In honor of this September 2013 meeting–long overdue–between high USA- and high Iranian- government officials, I bought in my local supermarket (here in Oman) three apples from Iran and three apples from the USA.
I am eating one of them as I type.
The Iranian apples on the shelf at the store looked beaten but free of pesticide. In comparison, the USA apple was shiny and red. It wasn’t as tasty as one would hope, though–and probably too many chemicals used on it too.
In contrast, the less dazzling Iranian apple tasted delicious. However, like the economy of Iran, which has taken a beating under years of sanctions due to the prior regime’s flatulant foreign policies, war on citizens, and its pursuit of nuclear power–the Iranian apple could do certainly better in producing products for the market if given the opportunity and support of many governments.
Perhaps, not only food goods, but other wears from Iran could be produced and sold in the USA some day.
Let’s pray for peace and an end to unneeded sanctions and pursuit of either chemical or nuclear weapons in this–or any–region.–kas
The United States and Iran have held their highest-level official diplomatic meeting in decades to discuss Iran’s disputed nuclear program. Secretary of State John Kerry and his Iranian counterpart joined diplomats from several other countries on the sidelines of the U.N. General Assembly. EU foreign policy chief Catherine Ashton said the group agreed to meet again in Geneva next month. John Kerry called the meeting “constructive” and said he and Iranian Foreign Minister Mohammad Javad Zarif also held their own meeting on the side.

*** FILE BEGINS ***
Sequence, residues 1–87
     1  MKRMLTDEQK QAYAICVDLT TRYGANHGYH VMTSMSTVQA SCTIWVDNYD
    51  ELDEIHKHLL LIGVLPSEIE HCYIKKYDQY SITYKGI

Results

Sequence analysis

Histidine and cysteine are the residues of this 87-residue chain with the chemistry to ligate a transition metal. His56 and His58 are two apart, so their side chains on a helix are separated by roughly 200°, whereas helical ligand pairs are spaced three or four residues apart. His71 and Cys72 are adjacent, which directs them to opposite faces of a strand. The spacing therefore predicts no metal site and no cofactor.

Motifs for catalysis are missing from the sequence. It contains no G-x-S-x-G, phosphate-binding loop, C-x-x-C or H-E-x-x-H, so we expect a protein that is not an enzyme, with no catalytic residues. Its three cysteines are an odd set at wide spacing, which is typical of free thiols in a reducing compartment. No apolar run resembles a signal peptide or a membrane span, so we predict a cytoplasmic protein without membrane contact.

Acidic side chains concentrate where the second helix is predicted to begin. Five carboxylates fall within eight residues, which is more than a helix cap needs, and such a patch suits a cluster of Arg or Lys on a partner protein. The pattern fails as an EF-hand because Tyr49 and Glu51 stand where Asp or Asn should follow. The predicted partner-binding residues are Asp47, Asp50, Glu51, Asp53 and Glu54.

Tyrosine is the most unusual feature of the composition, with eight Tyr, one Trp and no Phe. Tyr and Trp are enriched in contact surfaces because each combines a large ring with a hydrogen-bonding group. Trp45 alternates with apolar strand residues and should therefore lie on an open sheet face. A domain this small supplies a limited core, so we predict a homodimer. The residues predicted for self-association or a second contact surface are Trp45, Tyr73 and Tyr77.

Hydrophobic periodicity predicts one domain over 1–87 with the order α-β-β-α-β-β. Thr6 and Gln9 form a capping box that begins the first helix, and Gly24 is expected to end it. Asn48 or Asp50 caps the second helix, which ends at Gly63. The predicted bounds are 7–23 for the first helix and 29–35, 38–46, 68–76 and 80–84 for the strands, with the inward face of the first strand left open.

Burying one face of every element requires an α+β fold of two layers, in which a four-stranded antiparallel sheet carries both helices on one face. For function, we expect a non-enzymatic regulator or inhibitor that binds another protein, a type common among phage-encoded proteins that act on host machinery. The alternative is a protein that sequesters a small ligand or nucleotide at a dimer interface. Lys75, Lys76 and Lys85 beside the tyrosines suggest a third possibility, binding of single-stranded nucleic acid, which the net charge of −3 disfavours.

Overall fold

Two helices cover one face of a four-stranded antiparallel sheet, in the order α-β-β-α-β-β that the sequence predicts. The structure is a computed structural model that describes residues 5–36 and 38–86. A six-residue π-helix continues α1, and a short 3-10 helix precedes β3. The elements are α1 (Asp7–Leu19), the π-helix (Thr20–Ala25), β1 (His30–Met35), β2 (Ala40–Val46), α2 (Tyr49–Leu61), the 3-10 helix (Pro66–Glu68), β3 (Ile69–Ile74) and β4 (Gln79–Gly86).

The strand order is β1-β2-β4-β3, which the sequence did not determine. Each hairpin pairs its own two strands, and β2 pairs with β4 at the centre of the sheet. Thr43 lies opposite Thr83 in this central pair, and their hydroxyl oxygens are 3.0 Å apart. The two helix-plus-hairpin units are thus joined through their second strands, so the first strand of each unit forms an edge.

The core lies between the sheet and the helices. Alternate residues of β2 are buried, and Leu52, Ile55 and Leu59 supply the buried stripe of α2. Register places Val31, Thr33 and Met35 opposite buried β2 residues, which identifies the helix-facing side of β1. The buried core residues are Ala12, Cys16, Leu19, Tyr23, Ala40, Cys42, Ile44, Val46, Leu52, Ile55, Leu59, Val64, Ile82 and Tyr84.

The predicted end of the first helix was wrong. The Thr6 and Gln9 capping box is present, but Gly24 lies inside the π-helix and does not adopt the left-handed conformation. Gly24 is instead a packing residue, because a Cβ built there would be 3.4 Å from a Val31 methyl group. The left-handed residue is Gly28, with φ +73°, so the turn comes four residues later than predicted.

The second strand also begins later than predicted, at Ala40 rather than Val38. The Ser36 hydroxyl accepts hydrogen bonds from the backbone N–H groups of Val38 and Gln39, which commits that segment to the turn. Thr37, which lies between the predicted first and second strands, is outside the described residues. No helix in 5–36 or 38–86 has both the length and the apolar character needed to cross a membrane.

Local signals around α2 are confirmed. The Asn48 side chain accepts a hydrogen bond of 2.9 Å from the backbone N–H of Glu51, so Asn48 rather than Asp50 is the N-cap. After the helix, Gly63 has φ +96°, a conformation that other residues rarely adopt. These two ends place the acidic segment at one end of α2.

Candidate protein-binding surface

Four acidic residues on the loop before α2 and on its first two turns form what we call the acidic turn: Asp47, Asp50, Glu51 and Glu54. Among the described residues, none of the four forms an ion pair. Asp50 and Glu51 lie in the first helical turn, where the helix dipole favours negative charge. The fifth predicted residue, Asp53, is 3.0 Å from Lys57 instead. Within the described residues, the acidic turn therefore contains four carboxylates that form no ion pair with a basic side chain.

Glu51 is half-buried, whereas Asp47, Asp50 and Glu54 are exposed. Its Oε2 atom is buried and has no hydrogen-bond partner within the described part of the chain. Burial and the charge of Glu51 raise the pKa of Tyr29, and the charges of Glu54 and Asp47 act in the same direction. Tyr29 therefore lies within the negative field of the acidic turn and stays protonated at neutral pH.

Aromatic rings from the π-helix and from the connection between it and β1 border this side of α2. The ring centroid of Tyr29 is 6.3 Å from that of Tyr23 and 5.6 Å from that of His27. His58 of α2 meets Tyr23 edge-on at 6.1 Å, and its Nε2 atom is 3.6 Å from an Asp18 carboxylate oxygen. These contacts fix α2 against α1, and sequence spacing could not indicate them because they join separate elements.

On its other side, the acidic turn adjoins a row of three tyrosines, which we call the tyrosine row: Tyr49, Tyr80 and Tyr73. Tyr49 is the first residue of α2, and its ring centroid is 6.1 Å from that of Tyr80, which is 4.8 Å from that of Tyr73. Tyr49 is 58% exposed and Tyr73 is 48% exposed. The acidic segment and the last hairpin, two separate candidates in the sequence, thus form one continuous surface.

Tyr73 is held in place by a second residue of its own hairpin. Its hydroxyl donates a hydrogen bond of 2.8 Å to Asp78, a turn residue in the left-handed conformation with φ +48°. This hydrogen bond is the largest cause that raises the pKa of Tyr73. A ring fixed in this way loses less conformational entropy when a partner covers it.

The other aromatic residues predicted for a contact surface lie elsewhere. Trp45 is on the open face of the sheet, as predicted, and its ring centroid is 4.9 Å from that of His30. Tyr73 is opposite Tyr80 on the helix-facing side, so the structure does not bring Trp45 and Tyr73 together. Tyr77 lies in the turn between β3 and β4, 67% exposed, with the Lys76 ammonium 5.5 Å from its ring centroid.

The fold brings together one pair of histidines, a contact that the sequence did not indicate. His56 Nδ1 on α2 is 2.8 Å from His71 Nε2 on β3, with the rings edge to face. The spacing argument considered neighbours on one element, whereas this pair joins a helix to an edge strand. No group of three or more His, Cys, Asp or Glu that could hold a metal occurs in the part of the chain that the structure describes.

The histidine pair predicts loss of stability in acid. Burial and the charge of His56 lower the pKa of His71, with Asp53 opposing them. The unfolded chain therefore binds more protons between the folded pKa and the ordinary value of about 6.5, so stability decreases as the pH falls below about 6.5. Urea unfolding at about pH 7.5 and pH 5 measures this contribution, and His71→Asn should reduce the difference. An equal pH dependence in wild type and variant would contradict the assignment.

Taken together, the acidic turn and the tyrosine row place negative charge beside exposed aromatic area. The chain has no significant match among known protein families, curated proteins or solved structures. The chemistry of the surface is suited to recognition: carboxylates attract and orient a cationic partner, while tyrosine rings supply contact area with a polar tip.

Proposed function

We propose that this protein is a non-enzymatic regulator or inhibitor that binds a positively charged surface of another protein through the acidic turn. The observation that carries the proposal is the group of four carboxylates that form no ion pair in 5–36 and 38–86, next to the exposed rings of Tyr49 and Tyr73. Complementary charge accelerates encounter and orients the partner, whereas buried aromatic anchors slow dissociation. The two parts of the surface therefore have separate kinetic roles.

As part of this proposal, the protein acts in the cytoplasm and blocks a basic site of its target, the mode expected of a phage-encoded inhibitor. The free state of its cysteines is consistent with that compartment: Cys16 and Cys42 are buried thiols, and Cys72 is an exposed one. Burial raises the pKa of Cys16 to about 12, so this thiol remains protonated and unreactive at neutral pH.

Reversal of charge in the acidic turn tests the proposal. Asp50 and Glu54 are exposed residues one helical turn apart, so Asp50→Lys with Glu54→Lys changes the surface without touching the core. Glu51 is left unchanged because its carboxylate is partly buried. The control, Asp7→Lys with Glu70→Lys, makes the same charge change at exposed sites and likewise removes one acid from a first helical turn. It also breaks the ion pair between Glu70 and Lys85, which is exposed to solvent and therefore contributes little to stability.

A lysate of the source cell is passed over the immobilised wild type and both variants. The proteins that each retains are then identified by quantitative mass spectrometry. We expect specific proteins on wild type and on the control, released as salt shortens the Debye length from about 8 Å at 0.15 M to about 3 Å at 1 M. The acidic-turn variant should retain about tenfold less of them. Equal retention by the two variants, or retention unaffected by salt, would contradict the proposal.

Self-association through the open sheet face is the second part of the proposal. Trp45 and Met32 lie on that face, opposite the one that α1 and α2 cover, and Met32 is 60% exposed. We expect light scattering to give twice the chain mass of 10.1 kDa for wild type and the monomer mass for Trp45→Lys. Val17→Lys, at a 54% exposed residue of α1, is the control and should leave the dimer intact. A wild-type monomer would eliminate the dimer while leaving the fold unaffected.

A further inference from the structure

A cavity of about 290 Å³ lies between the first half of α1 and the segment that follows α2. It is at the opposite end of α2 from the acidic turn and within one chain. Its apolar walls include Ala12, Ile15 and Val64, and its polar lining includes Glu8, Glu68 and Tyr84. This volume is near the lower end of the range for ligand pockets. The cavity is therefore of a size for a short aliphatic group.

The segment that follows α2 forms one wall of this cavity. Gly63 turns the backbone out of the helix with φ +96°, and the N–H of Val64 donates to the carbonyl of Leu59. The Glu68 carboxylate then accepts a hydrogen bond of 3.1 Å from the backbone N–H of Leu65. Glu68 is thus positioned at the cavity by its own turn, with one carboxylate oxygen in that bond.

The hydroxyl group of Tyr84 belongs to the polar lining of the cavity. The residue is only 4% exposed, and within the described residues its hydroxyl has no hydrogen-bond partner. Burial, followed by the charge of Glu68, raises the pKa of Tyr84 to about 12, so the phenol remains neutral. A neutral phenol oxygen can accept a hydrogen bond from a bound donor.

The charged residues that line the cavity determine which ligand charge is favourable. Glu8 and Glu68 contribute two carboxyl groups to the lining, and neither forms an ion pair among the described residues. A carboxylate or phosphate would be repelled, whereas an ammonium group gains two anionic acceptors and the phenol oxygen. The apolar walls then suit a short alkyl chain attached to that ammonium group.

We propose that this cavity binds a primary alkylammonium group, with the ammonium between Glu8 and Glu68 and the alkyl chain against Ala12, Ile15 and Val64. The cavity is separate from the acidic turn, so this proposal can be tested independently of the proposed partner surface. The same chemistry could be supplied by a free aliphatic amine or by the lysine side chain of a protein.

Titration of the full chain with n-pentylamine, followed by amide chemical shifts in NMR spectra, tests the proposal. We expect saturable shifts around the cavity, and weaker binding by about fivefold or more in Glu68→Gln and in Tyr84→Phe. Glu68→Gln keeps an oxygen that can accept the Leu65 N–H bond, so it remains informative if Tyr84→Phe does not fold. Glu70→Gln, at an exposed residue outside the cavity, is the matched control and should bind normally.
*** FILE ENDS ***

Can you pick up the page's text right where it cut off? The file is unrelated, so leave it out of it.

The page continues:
John Kerry: “So we’ve agreed to try to continue a process that we’ll try to make concrete, to find a way to answer the questions that people have about Iran’s nuclear program. Needless to say, one meeting and a change in tone, which was welcome, doesn’t answer those questions yet, and there’s a lot of work to be done.”
Iranian President Hassan Rouhani: “Almost four decades of international effort to establish a nuclear weapons free zone in the Middle East has regrettably failed. Urgent practical steps toward the establishment of such a zone are necessary. Israel, the only non party to the Non Proliferation Treaty in this region, should join there too without any further delay.”